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In more years than I care to remember working in Security, one of the greatest fallacies I have come across is when companies and their employees genuinely believe that they are secure when in fact that is not the case. Their security measures and systems are flawed for one reason or another and their perception of good security can be both dangerous and costly.

Over the years, I have encountered many examples of apparent good security when the reality could not have been further from the truth. These examples range from security systems involving electronic access control, intrusion alarm and video surveillance that simply did not work as designed or specified from the day that they were installed. In some cases, the security installer did not know what they were doing or was totally inexperienced or misread instructions and as a result only part of the system worked at best. No training was given with respect to operating the system and authorized employees were left in the dark as to whether the full system was working or not.

Can you definitely say that your business is secure?

There are many excellent security contractors and integrators, but there are also more than a few that quite frankly should not be allowed near security systems.

Further examples of perceived security include a video surveillance system and outdoor cameras using indoor telephone wiring without being encased in conduit, installed 2-3 inches below the surface. The contractor could not understand why the cameras went dark when there was heavy rain.

One particular situation involved an electronic access control system protecting access into a room holding financial instruments worth tens of $millions where the card reader was hanging by its wiring beneath a hole in the wall adjacent to the supposedly secure door. The card reader had failed to read correctly on so many occasions that employees had made a hole in the wall to allow them to reach inside and unlock the door. The security contractor was never available to replace the reader or fix the problem and management were unaware of the problem.

Other examples of perceived working security have been systems that simply did not work correctly such as door contacts with faulty wiring and unable to provide an alarm signal that was being monitored by a third party call center, card readers that were unable to report an alarm to the electronic access control system controller, video surveillance systems where cameras were unable to record on the system, or where no experienced thought had been given to placement within a facility, and the list of issues is endless.

In many cases of new security system(s), there had been no commissioning of the system(s) following installation to ensure that the system was functioning correctly and according to specification.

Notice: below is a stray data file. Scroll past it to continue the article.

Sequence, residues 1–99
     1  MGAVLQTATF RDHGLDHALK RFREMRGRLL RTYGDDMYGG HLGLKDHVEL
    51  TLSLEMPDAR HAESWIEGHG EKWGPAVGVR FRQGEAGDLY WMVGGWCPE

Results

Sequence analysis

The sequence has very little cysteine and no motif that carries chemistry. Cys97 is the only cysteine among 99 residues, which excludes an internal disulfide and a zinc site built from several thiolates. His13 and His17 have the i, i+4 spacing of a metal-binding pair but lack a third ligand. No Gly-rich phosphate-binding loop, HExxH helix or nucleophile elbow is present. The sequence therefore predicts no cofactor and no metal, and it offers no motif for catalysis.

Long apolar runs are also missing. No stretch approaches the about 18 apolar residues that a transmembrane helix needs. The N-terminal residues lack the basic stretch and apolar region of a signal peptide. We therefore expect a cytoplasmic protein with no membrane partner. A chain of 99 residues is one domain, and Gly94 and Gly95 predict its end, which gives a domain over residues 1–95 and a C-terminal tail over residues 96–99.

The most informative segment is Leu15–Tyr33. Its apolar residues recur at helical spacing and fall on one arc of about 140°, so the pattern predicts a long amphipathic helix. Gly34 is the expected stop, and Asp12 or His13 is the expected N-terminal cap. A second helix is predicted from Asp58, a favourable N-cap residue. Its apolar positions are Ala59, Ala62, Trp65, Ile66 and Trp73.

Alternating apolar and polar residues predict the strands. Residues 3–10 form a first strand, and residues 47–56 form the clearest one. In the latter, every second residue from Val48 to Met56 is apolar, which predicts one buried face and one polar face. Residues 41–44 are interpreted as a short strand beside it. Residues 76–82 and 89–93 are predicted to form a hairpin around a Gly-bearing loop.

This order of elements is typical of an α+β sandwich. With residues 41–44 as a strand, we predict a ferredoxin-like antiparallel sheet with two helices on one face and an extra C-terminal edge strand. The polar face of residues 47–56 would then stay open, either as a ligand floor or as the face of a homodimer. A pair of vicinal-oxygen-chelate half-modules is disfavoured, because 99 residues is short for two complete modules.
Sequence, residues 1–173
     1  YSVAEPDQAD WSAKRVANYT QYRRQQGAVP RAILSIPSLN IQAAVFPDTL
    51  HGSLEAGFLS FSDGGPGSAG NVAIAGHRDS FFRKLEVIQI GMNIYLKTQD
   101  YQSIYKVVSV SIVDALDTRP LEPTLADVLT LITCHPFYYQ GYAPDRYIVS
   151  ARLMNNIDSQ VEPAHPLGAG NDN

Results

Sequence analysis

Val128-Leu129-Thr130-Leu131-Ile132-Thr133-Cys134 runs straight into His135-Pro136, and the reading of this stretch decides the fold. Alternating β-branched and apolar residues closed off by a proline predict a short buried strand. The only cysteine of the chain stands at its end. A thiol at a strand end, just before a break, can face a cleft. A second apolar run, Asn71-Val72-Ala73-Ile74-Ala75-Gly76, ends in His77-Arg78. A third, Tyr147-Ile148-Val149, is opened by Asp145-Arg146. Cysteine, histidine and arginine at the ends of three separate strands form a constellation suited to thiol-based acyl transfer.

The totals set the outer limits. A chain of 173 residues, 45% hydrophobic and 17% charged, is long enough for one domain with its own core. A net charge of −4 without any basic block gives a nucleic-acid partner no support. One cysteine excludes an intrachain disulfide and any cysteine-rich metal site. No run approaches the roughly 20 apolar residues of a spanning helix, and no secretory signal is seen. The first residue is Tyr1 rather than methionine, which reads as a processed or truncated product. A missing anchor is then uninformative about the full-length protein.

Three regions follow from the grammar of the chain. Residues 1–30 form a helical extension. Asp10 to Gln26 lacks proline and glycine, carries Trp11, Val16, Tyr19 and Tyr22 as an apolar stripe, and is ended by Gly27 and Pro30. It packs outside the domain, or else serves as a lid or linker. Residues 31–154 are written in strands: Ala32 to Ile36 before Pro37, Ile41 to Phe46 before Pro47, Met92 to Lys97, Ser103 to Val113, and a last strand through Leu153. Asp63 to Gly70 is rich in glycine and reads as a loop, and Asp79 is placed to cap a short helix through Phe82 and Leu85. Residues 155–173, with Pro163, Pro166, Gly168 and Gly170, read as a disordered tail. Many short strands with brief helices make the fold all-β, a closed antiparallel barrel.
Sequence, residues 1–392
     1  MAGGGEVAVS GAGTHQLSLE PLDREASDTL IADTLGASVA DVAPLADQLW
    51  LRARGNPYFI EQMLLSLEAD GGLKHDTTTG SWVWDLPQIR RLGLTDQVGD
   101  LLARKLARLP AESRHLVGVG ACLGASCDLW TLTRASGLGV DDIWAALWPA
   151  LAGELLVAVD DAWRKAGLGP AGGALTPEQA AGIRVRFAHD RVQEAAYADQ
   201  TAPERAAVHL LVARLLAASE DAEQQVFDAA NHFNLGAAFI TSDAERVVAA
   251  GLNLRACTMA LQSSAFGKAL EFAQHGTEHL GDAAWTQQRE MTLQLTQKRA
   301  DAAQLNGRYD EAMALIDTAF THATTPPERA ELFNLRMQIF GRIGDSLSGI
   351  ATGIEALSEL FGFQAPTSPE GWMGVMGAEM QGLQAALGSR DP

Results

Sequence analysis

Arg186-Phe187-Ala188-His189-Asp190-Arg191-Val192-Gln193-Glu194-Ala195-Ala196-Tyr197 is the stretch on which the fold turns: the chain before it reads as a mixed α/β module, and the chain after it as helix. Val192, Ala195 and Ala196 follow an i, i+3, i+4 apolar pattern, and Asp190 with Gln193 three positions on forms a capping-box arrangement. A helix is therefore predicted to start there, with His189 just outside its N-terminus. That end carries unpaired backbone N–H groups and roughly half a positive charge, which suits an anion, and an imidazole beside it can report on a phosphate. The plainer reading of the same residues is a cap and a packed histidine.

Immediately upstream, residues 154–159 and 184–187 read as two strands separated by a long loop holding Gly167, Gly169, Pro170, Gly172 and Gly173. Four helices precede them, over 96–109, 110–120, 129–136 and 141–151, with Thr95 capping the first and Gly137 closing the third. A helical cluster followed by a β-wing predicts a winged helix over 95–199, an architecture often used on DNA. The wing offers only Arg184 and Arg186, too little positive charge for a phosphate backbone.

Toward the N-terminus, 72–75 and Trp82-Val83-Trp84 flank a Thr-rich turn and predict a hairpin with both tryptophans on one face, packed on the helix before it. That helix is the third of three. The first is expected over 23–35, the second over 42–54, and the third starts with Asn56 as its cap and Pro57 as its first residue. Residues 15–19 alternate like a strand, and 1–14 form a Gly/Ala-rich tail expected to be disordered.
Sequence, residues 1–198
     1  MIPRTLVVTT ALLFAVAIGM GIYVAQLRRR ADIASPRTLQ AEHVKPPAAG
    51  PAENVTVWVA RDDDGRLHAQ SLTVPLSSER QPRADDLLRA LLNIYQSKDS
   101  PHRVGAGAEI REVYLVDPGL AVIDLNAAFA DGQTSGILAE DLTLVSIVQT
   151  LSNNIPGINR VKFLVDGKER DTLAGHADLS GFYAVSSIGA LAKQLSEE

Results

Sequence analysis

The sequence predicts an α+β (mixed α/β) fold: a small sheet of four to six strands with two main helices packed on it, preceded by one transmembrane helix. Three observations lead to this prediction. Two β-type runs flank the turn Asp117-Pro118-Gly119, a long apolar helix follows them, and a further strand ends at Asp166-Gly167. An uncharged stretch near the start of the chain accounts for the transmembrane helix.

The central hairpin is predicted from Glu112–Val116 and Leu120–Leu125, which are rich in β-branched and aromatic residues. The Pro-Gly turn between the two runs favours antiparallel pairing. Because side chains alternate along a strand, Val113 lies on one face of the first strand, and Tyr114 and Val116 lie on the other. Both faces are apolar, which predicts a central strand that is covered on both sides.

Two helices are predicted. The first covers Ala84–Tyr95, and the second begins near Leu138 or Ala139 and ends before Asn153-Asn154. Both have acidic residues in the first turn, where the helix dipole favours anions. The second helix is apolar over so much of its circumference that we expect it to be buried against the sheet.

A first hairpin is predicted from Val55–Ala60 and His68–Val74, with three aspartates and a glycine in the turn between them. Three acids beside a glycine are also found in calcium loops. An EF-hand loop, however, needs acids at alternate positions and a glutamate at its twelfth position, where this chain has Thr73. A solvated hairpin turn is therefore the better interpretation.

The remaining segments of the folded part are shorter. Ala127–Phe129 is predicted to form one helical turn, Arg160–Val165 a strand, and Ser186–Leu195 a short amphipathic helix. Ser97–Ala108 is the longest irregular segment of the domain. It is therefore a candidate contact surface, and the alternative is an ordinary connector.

Security manufacturers are not immune to issues involving their products and systems. As in many industries, security manufacturers, particularly involving system software are prone to “end of month” syndrome where the goal is to show as many completed items as possible that have been shipped to customers. In one case, security systems were shipped from the factory with the latest software version known to have a “bug” that would cause the system to shut down after a few weeks of operation. It was hoped that the “bug” would be fixed before reaching the shut down period. Unfortunately, that did not happen and at least one customer had to employ security guards on a 24/7 basis until the system was correctly updated.

It is reasonable to believe you have good security if you have carried out up-to-date assessments, have hired security professionals to commission new systems, developed your security system utilizing security design criteria (the reasoning for locating cameras and other security devices in specific spots and areas of a facility). However, if you believe that your company has good security because it appears to be working and there have been no issues that you are aware of, and there has been no professional security assessment, then “buyer beware” as everything may not be as it appears!

It should also be remembered that threats change, especially in today’s security climate, what was perfectly sound a few years ago may no longer be the case. Structures change and often expand, employees and management change or leave, there may be new production processes, have company policies or employee demographics changed, all of which could affect necessary security systems and measures.

The difference between Perceived Security and Actual Security could be significant and costly in the event of an incident. Why take the chance when a straight forward security assessment carried out on a regular basis (every 5-7 years minimum) changes unknown risk to calculated risk and might significantly reduce or prevent Negligent Liability following a serious security incident.

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